Retirement Assets Divided in a California Divorce - Pinkham & Associates
All the pensions and retirement assets contributed during the marriage are treated as community property in California.
How Are Retirement Assets Divided in a California Divorce?
Over the course of a marriage, a couple may acquire several types of assets: property, cash, business assets, stocks and bonds, overseas accounts, and retirement investments. 401ks and other employer-funded retirement plans are as important during a divorce property division as any other asset. All the pensions and retirement assets are treated as community property in California, so dividing them in a fair manner is paramount.
Fair Does Not Mean Equal
One of the first things every divorcing couple needs to understand is that a fair division of property doesn’t necessarily mean an equal division. There is no guarantee that assets will be split 50-50 in every case.
It might be possible for you and your spouse to negotiate the retention of retirement assets when their value is compared to the value of other assets. For example, if your family house has a lot of equity, you may trade off an interest in the retirement funds in exchange for keeping the house.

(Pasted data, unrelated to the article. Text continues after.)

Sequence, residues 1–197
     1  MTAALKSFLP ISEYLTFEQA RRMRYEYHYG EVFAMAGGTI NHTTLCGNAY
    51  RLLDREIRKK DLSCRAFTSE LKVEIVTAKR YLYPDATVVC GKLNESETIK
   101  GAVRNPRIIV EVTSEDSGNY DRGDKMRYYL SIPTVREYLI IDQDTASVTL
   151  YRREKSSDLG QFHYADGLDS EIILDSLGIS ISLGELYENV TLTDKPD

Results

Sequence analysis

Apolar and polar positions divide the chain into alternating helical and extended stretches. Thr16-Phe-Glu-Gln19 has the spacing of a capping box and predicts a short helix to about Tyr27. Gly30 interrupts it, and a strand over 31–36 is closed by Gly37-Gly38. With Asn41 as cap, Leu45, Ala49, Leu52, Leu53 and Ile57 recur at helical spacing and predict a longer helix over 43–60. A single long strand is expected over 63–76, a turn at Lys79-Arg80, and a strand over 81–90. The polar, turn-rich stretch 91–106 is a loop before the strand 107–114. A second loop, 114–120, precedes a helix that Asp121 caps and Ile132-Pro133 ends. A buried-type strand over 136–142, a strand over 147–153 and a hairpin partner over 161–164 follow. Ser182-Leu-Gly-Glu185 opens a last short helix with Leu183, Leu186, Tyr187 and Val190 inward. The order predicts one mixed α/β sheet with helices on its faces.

In some cases, California courts consider a retirement account separate property. If you opened your retirement account before getting married, the value of that particular account prior to the marriage may be considered separate property. Any interest you may have earned on that pre-marital amount during your marriage will also count as separate property.
You and your spouse can agree to designate certain assets or items as marital or separate property. But make sure you document this arrangement in a written contract that is signed by both of you. In other words, you can sign a
How Are Retirement Accounts Split?
Legally dividing a retirement asset or pension account requires multiple steps. First, a court order must be issued to divide these assets. Once you have this order, your attorney must create a Qualified Domestic Relations Order (QDRO).
The court must approve your QDRO, only then can it be submitted to the company’s plan administrator. A plan administrator is the person responsible for enrolling employees and their dependents in the insurance policies. Once the administrator approves your QDRO, the retirement account is then split according to the specifics mentioned inside it.
The Final Word
Lack of attention to detail in this matter can cost you significantly once your divorce is finalized, especially if you or your spouse is considered wealthy. If you’re concerned about how the court may handle your retirement assets during the divorce, contact in Orange County, CA for a free, no-obligation consultation. We will explain how the property distribution process may look like in your specific case, and which assets you may be entitled to keep.